Thursday, June 04, 2009

"Post No. 640"


"COMIC BOOK REVIEWS":

THE ADVENTURES OF SUPERMAN (DC) #494 (09/92), by Ordway, Grummet & Hazelwood, finds Supes stuck in outer space confronting an entity called "Kismet" which questions him on various decisions he's made during his career as "the man of steel".

Kismet presents several different scenerios to his actions had he not done certain things over the years, such as saving Lois Lane in his pre-Superman days when she was about to die in a plane crash, the time when Kryptonian villians tried to kill him and become rulers, and an accident which left a fellow schoolmate in a coma when he was a teenager in Smallville. More so, it questions his judgement and ethics due to those given him by his foster parents, Ma and Pa Kent. For a filler issue between various storylines in this title, it was excellant.

JUSTICE LEAGUE EUROPE (DC) #1 (04/89) was a spin-off title, of course, from the then current humorous type version of the JLA, written by Gruffen & Dematteis and art by Sears & Marcos, and it starred the line up of Captain Atom (as chairman), Powergirl, Animal Man, The Flash (Wally West version), Elongated Man, Wonder Woman, Metamorpho and Rocket Red. This title continued in the (then) tradition of tongue-in-cheek JLA titles, with a cover drawn very similiar to the Justice League America #1 of a group shot and someone making a silly remark.

This group of heroes find themselves located in Paris with Captain Atom trying to decide if he's really capable of being their leader. One of the nicer scenes is of the more pleasant times when Ralph Digby (ala, "The Elongated Man") and his wife, Sue, were still together and happy before she was killed off down the line in more modern DC titles. They confront such hazzards as trying to get their transporter on line (which burns up Animal Man's costume), to a crowd striken with some sort of madness, to finding a dead nazi at their front door. As I recall, this title wasn't "as good" as the regular JLA one of the time (now 20 years past), but acceptable.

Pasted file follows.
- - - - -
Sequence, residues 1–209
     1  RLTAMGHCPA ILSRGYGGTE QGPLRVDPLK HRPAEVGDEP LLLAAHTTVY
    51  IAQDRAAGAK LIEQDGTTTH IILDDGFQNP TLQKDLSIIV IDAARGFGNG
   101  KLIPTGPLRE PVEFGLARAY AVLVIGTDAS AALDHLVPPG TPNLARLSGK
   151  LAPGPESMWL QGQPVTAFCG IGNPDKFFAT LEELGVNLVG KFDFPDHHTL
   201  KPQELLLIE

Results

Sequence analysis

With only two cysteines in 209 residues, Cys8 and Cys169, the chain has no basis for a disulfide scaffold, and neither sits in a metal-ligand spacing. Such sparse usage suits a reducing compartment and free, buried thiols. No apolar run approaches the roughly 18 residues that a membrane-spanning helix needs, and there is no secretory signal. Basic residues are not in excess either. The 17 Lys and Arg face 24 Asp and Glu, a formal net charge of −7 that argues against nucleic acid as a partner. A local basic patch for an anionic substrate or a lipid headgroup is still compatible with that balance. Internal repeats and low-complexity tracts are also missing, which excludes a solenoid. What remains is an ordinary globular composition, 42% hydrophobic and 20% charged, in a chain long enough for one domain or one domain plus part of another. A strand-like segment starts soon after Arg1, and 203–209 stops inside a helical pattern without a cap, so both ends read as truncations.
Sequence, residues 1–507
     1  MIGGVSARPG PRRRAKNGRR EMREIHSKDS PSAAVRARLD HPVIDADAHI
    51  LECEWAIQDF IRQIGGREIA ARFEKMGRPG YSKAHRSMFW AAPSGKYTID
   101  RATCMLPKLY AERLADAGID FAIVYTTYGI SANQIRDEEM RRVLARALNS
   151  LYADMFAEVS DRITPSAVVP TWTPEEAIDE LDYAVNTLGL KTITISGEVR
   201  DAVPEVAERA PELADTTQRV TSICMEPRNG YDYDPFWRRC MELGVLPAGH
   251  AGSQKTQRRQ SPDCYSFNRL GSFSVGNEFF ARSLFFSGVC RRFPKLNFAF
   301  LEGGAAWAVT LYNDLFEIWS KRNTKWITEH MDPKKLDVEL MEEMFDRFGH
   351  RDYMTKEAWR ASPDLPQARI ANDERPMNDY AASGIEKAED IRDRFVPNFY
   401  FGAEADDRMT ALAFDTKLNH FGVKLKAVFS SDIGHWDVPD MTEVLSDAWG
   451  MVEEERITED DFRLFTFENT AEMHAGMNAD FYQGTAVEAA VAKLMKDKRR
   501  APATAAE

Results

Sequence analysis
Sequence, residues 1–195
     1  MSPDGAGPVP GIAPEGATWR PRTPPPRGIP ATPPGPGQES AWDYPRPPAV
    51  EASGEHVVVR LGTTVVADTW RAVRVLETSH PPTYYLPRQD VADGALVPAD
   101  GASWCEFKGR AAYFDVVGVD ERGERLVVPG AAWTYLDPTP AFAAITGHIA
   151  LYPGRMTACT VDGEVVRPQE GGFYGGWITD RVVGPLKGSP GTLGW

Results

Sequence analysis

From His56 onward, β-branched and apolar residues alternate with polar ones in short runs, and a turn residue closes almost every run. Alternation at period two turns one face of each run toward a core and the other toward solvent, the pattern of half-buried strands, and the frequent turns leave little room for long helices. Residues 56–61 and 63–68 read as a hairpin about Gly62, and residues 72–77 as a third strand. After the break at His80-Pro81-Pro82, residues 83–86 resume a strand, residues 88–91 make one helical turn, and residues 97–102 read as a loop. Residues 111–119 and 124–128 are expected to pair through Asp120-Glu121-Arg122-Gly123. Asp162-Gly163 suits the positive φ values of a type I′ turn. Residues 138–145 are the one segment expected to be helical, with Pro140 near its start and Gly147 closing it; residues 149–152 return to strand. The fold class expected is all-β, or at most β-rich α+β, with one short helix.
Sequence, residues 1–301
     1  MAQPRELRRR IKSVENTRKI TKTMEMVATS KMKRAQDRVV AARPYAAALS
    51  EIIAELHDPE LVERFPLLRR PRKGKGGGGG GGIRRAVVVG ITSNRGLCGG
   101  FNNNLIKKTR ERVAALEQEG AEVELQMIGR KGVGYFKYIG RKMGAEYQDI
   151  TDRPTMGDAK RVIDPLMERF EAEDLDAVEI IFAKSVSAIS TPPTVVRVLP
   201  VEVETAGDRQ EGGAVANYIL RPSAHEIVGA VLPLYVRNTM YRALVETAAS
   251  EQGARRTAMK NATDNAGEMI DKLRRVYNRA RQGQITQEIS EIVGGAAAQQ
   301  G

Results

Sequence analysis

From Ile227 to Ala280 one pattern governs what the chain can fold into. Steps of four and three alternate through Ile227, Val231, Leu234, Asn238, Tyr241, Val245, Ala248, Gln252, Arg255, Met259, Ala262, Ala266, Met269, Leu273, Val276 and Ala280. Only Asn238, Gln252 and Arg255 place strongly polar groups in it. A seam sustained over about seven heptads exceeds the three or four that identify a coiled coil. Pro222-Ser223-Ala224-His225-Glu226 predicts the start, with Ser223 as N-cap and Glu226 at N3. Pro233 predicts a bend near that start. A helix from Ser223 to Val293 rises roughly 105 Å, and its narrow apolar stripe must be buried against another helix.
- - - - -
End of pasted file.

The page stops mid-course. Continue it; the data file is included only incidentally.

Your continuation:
MARVEL ADVENTURES (Marvel) #5 (11/2007) by Van Lente, Sandoval, Bonet & Gracia begins with a very eye-catching cover of "Iron Man" by Rafa Sandoval & Roger Bonet. Fred Van Lente's script isn't half bad for this "for all ages" type Marvel title, dealing with Iron Man trying to take down a bunch of pirates in a suit of armor designed for deep water use, and then having these "techno-pirates" actually capture him and steal said armor. They unceremoniously bind Tony Stark and shoot him out one of their torpedo tubes after blowing up a ship, and he gets a case of the bends, which forces him to go back and recapture his armor to keep from dying. I've read a handful of other issues of this title and even though they aren't up to the more adult versions of their super heroes, none of them have been badly done. This issue also contains a nice full page tribute to the late Mike Weiringo (1963-2007).

SALVATION RUN limited series (DC) #2(of 7 - 02/2008) by Willingham, Chen and Wong, continued being a fine series about the DC villians being exiled to a hostile planet, being used as their prison. In this issue, "Hellhound" gets badly wounded and "The Body Doubles", Bonny and Carmen, insist that they take him along rather than leaving him to die. There was an alternative motive for this kindness, however, as they knew eventually the planet's predators would appear, to whom they threw Hellhound to a fate of being devoured by "Lion-Lizards" (nice girls). Then, "The Joker" decides he's had enough of the super-intelligent mouthing of "Psimon", and beats his skull in with a rock (the norm' for The Joker, of course) and takes over that group of villians as their leader. In the meantime, the third grouping of Earth's greatest villians gets transported to this world via the "Boom Tube" which includes Lex Luthor and "Catwoman". Naturally, Luthor has his own agenda as to "who's boss" around there. Next time I'd at a comic book ship where I can pick up back issues I definately plan on completing this run to read.